How to Negotiate Salary with Employees
One of the most important aspects of the onboarding process is agreeing on appropriate compensation for a new employee.
After all, granting fair salaries to employees while remaining within budgetary restrictions helps you balance staff retention and your company’s finances. There are ways to conduct a conversation about salaries in a way that’s both ethical and respectful.
The Purpose of Salary Negotiation
Talented candidates seek out positions that give them the fairest value for their experience and skillset. Top talent will have numerous job opportunities at their doorstep. That said, salary is often the most prominent factor candidates consider before accepting a job.
Offering a competitive salary is crucial to obtaining new employees for your company. While negotiating employee compensation with a candidate, it’s possible to acquire insight into an individual’s expectations regarding pay.
Individuals that are currently employed at your organization may also renegotiate their salary once they’ve gained enough experience at your company. Overall, your salary negotiation strategies will strengthen the relationship you have with your team.
Tactics to Utilize When Negotiating Salary
Before you dive into a salary negotiation with any candidate, it’s best to prepare the strategies you plan on using in order to come to a mutually beneficial agreement. The following are a series of helpful tips that will successfully guide your salary and compensation negotiations.
1. Set a Range
Be sure to understand just how much your company can afford to spend on a brand-new hire. Start by assessing your company’s budget. Consider the factors that could most likely influence your offer depending on the candidate in front of you.
Take into account their attitude, skillset, experience, and industry connections. These are all things that could make a candidate a valuable asset to your company and its existing employees.
Set an upper and a lower limit that works best for the position in question. The upper salary limits functions to ensure that you can afford all labor expenses. On the other hand, the lower limit ensures that the employees receive a reasonable compensation.
With this in mind, the employee is less likely to seek out a position that offers a better salary for their workload.
2. Get Familiar with Industry Standards
To find the most productive way to negotiate salary with your employees, you’ll need to conduct some research on the jobs in your industry at different experience levels.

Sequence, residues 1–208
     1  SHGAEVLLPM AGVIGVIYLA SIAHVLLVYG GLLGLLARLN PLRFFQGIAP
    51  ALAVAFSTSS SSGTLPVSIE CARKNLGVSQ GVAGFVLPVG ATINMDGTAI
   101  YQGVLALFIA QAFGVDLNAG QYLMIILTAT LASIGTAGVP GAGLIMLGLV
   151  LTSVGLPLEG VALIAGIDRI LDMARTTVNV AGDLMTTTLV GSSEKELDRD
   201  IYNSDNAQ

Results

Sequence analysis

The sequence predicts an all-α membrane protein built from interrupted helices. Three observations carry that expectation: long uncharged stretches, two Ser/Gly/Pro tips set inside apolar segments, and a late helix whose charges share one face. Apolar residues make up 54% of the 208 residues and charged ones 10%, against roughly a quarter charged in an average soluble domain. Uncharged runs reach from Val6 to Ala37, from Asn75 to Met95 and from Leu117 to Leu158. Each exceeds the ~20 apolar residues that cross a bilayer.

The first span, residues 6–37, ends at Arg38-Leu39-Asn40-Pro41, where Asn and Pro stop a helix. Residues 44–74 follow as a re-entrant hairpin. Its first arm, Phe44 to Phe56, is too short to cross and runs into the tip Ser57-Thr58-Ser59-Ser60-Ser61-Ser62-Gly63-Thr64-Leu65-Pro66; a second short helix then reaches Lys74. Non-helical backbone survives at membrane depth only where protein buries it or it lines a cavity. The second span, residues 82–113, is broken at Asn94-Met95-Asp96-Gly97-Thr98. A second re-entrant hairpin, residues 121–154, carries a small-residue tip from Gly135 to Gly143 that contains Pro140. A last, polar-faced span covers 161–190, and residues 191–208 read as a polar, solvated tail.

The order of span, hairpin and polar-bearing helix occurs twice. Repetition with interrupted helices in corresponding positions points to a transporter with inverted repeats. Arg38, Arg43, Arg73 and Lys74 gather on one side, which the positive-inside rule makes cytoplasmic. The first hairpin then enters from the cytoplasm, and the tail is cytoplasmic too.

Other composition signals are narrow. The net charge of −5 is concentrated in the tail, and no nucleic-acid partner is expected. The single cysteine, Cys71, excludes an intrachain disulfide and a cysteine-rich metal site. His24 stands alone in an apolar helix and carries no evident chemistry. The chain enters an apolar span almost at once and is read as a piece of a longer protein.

Candidates with more experience may expect a higher salary than individuals who are in the beginning stages of their career. Research and analyze your toughest competitors who supply comparable services.
During your research, browse job postings with their salary listed to see how your business compares. Remember to research benefits, bonuses, and travel stipends.
3. Understand Candidate’s Expectations
Many employers make it a point to ask candidates what kind of salary they’re looking for. That way, they know their expectations. If their answer is higher than your company is ready to pay, keep in mind that most candidates are willing to negotiate their salary.
Individuals who are comfortable asking for a fair salary exhibit self-awareness, initiative, and stellar confidence.
4. Begin the Negotiations
The negotiation process should start off simple. Begin by offering the candidate a specific salary amount. This permits candidates to adjust their expectations regarding compensation while also giving them an idea of a salary range that’s reasonable.
Also referred to as “anchoring”, you can influence an individual’s expectations by giving the initial offer. In fact, this shows the candidate that you value the position, ultimately impacting how they view the job offer.
5. Discover Why Candidates Turn Down Job Offers
Of course, you want your salary negotiations to be successful. To do so, you’ll need to find a compromise that makes you and your new employee happy. On occasion, a job candidate may turn down your salary offer.
If this happens, attempt to follow up with that candidate to find out why they declined your offer. While you may not be able to negotiate with them successfully, finding out exactly what they didn’t like about your offer will surely help you with future salary negotiations.
6. Be Direct and Concise
When you’ve reached your limits in a negotiation, be very clear with the candidate that you’re unable to offer any more compensation than what was discussed.
Transparency in conversations about pay exhibits respect, preventing you from wasting any valuable time. If you both find yourselves failing to come to an agreement that remains within your budget, set a limit.
Clarify the value of your company and specify the benefits it provides employees. This is likely to attract candidates.
Seal the Deal
Once you and the candidate have agreed on a salary, a start date, and benefits, have the candidate sign an offer letter confirming that they agree to the terms set in place.
In most cases, the candidate will likely need to give notice to their current job, meaning there will be around two to three weeks between acceptance and their start date. The company they currently work for could potentially make a counteroffer.
In case this happens, stay in communication with your new hire.
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